Q) You mention the importance of backing up files frequently. I’d like to share my solution to this “problem.” The cost of external drives has been going down as the size of these drives has been going up. (I recently purchased a 500 GB drive for about $200.) I do an automatic backup of my critical files to this external drive every day. I set the time for backup to 2:30 a.m., right after my automatic virus scan finishes. If your backup drive is big enough, you can do seven daily backups each week. That is, on Monday, back up your files to a file named Monday backup, on Tuesday, Tuesday backup, etc. Make sure that you’re overwriting your last backup (instead of appending). Of course, you need to check on this from time to time to make sure that it’s backing up. This is all assuming that you have Windows XP (I’m sorry, I don’t speak Mac).
Bill and Pat Beckett., Via the Internet
A) I realize this isn’t a question, but I thought it would be good to hear from readers about their backup solutions. You may be tired of my harping on backup, but the e-mails that I receive remind me constantly of how critical it is to back up your data.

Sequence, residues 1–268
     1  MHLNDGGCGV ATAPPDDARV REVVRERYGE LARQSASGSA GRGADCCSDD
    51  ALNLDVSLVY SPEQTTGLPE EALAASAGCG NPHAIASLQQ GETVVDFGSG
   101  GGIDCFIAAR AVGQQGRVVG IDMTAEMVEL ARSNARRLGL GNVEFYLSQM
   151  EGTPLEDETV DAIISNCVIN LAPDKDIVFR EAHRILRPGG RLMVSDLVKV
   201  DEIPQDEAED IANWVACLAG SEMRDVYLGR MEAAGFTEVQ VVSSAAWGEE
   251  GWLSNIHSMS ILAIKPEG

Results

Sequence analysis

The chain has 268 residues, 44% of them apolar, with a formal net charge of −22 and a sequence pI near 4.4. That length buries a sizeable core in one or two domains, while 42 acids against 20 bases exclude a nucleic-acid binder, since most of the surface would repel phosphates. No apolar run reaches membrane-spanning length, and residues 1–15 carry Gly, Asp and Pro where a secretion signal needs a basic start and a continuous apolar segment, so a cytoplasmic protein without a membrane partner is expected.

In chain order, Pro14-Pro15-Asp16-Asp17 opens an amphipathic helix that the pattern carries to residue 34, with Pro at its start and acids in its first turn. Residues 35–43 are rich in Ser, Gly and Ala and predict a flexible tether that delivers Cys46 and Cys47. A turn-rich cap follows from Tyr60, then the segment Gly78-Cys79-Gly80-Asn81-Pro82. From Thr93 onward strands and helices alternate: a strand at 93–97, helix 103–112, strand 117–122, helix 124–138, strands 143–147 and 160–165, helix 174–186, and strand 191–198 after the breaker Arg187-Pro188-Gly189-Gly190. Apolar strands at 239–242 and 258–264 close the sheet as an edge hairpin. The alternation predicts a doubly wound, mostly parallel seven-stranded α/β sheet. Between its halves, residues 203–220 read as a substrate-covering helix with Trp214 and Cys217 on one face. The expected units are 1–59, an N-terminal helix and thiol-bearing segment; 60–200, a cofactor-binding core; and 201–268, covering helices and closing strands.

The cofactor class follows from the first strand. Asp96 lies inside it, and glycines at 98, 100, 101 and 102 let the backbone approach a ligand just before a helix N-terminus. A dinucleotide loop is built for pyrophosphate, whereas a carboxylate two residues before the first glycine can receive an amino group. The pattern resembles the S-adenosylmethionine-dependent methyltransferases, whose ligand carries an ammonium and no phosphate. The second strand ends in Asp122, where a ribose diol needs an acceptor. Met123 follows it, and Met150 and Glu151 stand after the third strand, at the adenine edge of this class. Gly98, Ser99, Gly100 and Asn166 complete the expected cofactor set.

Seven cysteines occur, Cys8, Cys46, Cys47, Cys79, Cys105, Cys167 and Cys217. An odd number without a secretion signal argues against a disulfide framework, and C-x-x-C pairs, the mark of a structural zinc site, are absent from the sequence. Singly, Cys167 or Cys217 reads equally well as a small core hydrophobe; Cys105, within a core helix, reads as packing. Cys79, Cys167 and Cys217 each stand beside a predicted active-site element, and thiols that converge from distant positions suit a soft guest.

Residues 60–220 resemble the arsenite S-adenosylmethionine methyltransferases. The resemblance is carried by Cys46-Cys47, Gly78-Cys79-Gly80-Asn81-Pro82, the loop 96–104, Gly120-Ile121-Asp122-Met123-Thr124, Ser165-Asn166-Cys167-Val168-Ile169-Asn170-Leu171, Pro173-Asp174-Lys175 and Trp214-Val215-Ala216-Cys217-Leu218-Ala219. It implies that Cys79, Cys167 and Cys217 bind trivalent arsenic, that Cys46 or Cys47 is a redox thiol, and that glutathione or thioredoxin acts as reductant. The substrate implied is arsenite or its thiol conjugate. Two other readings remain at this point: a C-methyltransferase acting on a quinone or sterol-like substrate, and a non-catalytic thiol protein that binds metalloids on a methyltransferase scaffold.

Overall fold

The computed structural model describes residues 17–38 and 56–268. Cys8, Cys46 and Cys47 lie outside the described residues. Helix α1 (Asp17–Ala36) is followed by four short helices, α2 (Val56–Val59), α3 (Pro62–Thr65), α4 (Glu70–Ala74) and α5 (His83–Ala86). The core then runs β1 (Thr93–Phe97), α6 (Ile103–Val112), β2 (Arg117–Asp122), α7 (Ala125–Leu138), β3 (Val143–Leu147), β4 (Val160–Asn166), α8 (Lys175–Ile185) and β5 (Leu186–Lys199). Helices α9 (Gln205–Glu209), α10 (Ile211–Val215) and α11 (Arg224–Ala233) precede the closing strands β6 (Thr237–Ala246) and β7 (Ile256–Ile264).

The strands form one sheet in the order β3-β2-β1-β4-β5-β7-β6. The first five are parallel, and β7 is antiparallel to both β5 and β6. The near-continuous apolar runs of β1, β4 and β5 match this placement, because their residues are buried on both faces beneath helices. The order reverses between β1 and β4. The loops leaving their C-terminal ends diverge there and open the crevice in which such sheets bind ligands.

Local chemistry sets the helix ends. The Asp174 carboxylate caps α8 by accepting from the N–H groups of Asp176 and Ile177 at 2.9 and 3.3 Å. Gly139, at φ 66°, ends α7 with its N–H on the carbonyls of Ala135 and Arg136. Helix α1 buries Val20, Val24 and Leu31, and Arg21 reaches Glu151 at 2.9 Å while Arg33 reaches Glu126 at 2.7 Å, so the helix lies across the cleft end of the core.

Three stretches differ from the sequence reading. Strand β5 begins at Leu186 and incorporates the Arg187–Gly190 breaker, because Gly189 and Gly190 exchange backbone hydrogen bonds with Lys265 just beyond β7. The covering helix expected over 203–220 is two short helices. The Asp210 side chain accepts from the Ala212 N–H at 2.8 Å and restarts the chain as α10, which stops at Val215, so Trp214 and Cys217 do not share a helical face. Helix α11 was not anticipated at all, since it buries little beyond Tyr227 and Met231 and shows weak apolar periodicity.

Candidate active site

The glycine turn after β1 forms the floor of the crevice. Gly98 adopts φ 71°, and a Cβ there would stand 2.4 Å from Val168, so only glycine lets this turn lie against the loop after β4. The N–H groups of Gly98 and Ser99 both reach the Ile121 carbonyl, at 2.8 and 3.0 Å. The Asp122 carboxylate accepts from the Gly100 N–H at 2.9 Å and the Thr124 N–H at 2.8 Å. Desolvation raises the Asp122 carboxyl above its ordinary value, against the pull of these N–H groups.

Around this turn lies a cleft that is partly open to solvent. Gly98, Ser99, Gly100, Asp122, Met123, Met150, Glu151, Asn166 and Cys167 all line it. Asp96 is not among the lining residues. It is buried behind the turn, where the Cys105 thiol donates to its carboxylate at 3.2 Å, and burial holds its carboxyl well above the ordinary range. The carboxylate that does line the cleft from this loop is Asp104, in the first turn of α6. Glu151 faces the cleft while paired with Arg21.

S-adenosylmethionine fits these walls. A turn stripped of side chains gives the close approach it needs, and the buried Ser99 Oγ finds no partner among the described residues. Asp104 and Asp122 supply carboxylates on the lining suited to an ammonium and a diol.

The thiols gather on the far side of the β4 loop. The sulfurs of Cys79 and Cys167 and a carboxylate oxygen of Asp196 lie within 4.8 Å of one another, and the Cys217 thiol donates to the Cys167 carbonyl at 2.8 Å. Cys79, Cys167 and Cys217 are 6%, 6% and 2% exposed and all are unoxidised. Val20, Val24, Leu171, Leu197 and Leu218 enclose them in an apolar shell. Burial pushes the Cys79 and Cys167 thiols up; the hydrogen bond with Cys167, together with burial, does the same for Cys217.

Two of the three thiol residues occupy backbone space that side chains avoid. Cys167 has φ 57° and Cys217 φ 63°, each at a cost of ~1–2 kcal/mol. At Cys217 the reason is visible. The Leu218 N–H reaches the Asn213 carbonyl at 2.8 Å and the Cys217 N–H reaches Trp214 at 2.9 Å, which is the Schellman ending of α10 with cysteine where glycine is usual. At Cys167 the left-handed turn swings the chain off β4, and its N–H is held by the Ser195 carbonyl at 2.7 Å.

Bill and Pat’s scenario is a good one. The only concern I have is that their backup is all on a single drive that’s always attached to the computer. If they were to get a power hit at 2:35 a.m., it’s possible that it could knock out both the internal AND the external drive, so they might lose all their data.
Granted, it can seem like no backup solution is perfect and that you must buy an endless amount of storage, but just a little redundancy could help. In Bill and Pat’s case, I’d recommend that they have two drives, one labeled Week 1 and one labeled Week 2. They would keep one drive connected for a week and then replace it with the other drive the following week. It would be even better if they would store one of those drives off-site for the week, but just having it disconnected from the computer (and the power outlet) would be great. It’s also a good idea to do a full backup every now and then on DVDs or CDs.
Bill and Pat’s solution isn’t just an XP solution. Even though they don’t speak Mac, I do. This scenario will work fine with a Mac.